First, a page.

Evergreen trees are frequently associated with sparkling snow and the Christmas season. Indeed, these trees shine in the landscape during winter when other color is hard to find. But the real value of evergreens is in their true, four-season beauty and adaptability. The white fir (Abies concolor) tree is no exception. This hardy species has good looks to offer all year long!
White fir, also known as concolor fir, grows in a pleasing pyramidal shape. This shape offers a nice contrast to deciduous trees and is practical for keeping wet, heavy snow off the upper branches. The white fir’s blusih or silvery-green needles are also an attractive feature. Cones start out light green and turn purplish as they mature. Beyond its appearance, white fir also has a lovely citrus scent.
Growing White Fir
White fir is native to mountainous areas of the southwestern United States. The tree will grow in a wide range of zones. It is tolerant of drought conditions as well as cold temperatures. White fir prefers well-drained soil. Do not plant it in clay or on poorly-drained sites. This can lead to problems with the root system.
White fir grows slowly. Over 15 to 30 years, the average tree will reach between 30 and 40 feet tall. A large one can grow up to 50 feet with a 20-foot spread. The tree can also be planted in groups to make a nice privacy screen. Be sure to leave enough room for each individual plant to grow to its full size.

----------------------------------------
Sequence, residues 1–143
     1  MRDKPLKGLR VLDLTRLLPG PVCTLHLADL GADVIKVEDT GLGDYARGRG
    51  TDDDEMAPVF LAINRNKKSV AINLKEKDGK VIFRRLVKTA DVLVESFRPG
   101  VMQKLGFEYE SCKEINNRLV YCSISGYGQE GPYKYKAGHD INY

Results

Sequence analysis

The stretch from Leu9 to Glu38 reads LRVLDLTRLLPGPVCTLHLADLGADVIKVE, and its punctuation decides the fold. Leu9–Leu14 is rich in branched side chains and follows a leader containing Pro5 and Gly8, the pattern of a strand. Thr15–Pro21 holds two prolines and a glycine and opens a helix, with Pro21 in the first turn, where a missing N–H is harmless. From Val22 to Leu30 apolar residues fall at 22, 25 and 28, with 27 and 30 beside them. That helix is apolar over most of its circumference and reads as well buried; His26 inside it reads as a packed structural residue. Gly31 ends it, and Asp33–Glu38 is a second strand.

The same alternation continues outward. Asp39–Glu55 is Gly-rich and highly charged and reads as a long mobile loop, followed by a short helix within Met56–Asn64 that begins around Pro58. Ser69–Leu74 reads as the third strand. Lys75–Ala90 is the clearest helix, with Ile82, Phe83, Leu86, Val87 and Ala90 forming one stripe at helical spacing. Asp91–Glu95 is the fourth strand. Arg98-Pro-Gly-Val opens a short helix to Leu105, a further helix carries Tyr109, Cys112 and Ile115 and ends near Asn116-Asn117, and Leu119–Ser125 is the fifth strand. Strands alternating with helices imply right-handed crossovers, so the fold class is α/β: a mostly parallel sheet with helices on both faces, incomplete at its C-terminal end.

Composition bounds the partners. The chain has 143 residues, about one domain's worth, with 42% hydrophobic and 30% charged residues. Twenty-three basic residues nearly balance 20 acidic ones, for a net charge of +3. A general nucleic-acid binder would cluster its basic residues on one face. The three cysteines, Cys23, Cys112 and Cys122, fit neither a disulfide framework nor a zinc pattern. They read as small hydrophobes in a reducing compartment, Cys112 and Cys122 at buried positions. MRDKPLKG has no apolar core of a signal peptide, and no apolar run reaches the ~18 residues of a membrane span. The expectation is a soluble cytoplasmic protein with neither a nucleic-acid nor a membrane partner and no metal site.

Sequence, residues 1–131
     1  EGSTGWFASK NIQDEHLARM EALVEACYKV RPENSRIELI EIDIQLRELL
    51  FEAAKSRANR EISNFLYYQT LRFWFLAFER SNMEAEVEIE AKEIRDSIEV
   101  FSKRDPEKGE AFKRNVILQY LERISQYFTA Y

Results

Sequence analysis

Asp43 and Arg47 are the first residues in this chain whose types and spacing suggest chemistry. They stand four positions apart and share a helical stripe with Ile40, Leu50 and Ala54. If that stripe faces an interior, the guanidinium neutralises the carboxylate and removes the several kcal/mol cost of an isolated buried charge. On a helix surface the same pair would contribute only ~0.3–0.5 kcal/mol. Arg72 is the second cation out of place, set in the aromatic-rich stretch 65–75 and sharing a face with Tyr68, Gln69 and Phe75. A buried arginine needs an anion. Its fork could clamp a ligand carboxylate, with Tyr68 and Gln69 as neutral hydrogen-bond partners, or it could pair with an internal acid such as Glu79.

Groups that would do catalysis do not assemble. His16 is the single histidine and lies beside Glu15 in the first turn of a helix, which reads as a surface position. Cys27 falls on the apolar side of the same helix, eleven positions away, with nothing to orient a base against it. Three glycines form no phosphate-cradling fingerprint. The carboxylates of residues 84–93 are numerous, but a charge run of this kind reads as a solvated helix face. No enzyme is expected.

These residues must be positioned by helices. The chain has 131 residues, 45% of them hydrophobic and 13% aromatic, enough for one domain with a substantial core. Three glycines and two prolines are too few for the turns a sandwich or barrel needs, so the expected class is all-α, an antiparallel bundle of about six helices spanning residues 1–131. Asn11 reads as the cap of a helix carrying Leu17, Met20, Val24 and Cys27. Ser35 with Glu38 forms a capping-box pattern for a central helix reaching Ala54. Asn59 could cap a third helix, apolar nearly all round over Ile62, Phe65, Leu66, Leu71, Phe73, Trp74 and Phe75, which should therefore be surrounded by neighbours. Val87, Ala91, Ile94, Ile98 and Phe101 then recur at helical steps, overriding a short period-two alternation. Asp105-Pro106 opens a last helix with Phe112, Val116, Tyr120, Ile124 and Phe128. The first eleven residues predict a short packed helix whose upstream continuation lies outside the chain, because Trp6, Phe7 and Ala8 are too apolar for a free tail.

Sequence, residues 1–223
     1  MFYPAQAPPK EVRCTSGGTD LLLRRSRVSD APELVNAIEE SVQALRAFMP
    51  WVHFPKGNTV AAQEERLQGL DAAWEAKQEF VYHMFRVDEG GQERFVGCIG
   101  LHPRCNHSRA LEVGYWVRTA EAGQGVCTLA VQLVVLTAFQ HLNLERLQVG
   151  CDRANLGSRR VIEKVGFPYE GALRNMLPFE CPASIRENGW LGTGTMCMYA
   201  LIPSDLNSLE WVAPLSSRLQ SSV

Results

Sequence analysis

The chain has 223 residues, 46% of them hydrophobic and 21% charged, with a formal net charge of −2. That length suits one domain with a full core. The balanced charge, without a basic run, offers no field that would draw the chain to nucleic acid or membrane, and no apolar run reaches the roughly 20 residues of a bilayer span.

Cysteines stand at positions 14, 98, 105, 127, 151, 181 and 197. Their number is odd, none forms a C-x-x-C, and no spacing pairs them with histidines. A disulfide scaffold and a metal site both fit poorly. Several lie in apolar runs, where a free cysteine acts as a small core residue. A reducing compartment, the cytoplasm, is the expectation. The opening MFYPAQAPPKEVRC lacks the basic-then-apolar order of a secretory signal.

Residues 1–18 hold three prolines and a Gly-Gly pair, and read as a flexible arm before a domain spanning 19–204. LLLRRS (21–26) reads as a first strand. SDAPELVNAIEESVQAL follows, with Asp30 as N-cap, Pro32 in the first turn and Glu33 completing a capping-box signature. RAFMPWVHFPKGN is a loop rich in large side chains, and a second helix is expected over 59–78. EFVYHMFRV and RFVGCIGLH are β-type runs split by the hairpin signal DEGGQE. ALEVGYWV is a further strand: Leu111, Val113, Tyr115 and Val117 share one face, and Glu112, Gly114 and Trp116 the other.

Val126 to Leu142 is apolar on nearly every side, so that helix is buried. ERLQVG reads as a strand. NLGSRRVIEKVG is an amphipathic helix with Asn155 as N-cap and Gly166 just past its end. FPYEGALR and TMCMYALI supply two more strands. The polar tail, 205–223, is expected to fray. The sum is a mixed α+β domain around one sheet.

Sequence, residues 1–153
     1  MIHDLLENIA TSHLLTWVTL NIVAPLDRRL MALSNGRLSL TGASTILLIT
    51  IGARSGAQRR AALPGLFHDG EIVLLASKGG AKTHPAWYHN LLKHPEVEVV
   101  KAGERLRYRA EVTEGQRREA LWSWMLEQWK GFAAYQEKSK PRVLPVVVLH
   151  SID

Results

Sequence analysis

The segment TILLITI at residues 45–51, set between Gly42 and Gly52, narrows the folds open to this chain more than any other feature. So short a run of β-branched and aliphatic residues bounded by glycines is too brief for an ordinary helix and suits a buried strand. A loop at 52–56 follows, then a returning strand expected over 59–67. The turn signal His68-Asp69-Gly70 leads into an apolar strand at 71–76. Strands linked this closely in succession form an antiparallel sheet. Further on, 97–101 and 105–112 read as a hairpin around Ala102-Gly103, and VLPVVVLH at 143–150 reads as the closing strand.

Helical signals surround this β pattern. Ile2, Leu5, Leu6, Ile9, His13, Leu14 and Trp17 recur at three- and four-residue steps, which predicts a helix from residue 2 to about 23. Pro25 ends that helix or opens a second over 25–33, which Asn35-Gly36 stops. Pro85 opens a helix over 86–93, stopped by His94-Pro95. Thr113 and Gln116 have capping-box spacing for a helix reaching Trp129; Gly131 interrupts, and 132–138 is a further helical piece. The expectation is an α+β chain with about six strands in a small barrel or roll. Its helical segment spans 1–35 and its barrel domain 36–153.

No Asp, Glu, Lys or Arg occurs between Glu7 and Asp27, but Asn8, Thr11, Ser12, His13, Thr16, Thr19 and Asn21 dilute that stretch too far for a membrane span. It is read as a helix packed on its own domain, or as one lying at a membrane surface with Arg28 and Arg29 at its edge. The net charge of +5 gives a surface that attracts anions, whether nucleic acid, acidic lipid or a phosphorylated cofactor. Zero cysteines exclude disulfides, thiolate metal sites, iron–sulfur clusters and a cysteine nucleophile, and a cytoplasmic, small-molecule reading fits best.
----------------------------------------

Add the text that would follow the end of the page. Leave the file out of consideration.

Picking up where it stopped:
If you would like a white fir and don’t have the space, there are cultivars for even the smallest landscapes. For example, Abies concolor ‘Compacta’ is a dwarf cultivar that grows in an oval shape and reaches only five feet tall. Abies concolor ‘Blue Cloak’ is a weeping cultivar with powder blue needles that grows between eight and ten feet. Abies concolor ‘Candicans Nana’ is a shrublike cultivar that grows to only four feet tall with a spread of six to eight feet wide.
Naturalist Augustus Fendler first identified the species. During an expedition to the New Mexico area in 1846, he brought the tree back to Missouri. The tree was named after the Latin ‘concolor,’ which refers to the fact that the needles are the same color on both the top and bottom.
The tree has little value as a lumber product, but is nevertheless well-loved. Another naturalist, Donald Peattie, first recognized the utility of this species. in 1953 he wrote, “Rather does the future of this tree lie in its value as an ornamental.”
Today, of course, we know he was right. The white fir is a favorite in urban landscaping that enhances the site no matter the season.